~~~

Begin by backing up all your important data.

Run Partition Master.



Shrink the Windows Partition on your Mini to whatever size you think you'll want it to be (I like around 30 gigs, since I'm hardly ever in Windows anyway, but don't make it so small that you'll be constraining Windows when you actually do use it).

Create a partition for OS X on the rest of the drive. Name it (MACOS) so you will be able to easily identify it later. Make sure it is a primary partition NTFS, or FAT doesn't matter, you will need to reformat later anyway.

When you've got the partitions the way you want them, apply the changes. Your computer will need to restart, unless you didn't make any changes to the Windows partition. Allow Partition Master to reboot to apply all the changes. I believe Windows itself will ask you to reboot after Partition Master has rebooted. So allow for that, if needed, and shut down.


Boot into the OS X Installer. (on 10v, Hit F12 if you need to get into the bios boot options, select USB)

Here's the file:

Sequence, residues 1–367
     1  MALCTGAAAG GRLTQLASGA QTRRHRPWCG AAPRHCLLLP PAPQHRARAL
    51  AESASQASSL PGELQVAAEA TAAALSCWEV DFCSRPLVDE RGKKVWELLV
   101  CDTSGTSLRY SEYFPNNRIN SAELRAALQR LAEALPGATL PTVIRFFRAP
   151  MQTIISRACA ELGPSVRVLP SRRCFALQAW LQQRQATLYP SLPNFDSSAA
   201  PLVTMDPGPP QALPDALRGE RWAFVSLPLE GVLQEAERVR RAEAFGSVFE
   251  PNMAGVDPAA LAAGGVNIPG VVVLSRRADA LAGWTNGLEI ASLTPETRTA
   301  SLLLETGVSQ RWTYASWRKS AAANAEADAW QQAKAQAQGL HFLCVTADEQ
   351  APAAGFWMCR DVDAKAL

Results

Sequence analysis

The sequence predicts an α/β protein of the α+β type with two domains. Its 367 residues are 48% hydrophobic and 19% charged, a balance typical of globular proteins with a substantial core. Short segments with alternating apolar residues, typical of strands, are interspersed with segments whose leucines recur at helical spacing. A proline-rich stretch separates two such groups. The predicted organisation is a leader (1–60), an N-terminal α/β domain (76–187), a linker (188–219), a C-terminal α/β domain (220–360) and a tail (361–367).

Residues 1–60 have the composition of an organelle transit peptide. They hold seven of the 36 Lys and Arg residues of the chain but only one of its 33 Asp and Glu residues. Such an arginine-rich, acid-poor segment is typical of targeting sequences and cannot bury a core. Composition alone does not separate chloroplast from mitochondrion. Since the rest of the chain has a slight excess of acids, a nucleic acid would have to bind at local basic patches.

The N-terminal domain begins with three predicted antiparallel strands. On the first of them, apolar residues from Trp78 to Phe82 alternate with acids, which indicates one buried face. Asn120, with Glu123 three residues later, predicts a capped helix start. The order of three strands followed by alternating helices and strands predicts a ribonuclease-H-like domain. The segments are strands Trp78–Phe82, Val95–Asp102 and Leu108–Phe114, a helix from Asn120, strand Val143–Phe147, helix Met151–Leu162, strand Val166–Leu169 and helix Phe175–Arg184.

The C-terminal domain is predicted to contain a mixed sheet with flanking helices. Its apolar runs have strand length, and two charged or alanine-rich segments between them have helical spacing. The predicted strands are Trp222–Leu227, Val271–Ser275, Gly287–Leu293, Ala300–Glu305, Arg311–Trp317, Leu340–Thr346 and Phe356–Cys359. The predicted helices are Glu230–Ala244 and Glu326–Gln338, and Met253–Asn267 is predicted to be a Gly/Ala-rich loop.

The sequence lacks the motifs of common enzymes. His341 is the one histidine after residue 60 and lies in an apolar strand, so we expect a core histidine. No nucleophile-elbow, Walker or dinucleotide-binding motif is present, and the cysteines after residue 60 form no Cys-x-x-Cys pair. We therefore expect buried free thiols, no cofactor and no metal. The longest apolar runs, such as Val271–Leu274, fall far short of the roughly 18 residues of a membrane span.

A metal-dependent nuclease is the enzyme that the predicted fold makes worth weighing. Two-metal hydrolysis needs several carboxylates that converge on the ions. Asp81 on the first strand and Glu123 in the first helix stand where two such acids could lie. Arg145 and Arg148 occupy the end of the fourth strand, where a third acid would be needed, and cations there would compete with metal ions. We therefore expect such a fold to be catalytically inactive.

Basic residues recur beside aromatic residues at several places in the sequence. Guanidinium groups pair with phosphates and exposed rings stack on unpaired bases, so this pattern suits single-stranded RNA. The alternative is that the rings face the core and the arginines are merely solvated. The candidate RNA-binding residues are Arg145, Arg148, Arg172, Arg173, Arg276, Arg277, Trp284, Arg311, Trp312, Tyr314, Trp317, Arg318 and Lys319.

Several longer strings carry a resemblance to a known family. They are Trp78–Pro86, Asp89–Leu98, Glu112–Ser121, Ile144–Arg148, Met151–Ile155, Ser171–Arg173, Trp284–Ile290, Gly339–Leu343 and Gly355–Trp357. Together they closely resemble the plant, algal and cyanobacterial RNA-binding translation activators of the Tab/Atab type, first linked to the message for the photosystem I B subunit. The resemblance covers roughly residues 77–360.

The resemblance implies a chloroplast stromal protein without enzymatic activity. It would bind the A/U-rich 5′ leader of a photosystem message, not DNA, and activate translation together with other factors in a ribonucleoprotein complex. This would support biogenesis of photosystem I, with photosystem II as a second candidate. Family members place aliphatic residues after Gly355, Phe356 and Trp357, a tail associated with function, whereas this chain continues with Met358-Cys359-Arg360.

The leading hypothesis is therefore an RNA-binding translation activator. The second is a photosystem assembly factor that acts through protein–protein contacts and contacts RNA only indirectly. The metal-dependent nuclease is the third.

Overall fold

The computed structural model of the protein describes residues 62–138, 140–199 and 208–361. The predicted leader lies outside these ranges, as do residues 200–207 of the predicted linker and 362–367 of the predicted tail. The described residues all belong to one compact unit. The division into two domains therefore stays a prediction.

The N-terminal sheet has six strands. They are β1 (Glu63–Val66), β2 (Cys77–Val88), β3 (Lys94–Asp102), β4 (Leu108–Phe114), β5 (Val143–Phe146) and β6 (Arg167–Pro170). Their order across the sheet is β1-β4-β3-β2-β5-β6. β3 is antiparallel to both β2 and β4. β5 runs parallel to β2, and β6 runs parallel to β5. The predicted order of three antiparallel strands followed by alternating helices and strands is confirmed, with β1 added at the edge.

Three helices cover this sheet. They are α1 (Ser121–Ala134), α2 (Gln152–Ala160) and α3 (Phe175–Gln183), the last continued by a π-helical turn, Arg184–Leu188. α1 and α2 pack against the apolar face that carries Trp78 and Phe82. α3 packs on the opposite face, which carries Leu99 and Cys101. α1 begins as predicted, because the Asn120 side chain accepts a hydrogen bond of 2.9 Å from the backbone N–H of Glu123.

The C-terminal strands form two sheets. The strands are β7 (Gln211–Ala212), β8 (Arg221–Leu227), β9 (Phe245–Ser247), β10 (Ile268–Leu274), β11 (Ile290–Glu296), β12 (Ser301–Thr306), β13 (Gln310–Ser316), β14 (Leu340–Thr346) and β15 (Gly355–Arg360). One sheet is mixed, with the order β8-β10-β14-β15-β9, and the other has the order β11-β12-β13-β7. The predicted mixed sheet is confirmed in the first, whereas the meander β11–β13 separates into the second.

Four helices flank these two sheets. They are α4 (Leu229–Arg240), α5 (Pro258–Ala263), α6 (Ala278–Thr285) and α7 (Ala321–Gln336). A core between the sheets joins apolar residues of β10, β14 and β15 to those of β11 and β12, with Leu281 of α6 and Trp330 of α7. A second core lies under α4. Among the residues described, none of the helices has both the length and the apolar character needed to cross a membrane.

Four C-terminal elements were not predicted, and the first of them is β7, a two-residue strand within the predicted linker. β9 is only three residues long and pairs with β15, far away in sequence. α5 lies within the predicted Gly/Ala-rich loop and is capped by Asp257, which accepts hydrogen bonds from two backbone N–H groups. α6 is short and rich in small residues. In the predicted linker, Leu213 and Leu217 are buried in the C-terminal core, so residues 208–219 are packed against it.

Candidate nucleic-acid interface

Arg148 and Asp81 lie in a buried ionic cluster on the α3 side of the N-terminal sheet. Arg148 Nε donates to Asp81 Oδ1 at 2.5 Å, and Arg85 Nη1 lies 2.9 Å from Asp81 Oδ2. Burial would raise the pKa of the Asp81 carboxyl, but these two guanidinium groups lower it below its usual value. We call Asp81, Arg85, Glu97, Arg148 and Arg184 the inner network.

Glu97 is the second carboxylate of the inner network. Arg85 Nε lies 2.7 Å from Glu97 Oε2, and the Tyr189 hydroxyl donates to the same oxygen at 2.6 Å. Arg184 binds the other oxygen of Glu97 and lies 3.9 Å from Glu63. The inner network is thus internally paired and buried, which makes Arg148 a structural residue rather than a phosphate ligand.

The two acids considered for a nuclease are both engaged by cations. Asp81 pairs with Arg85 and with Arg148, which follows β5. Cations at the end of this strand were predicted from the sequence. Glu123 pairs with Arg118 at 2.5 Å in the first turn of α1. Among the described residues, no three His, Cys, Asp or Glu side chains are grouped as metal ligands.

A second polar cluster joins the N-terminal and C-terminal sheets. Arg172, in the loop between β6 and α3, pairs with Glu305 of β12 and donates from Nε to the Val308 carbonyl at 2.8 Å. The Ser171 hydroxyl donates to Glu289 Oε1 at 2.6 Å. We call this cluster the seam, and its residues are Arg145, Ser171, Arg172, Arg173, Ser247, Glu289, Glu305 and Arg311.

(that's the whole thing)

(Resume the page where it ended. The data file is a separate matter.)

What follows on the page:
The Installer takes a few minutes to load up, and goes through a language selection screen and a few other screens to click through. When you get to the drive selection screen:



Connect your external drive to the mini, and wait for it to appear in the selection box.
From the Utilities Menu, open Disk Utility:



Select your external drive. Select the partition tab from the right. From 'Volume Scheme' dropdown menu, select 2 partitions. Click the top one. Name= Macintosh HD; Size= 12 gigs. Select Options and make sure GUID partitioning table is checked. Click apply, and wait for the changes to take place. When the process completes, quit Disk Utility.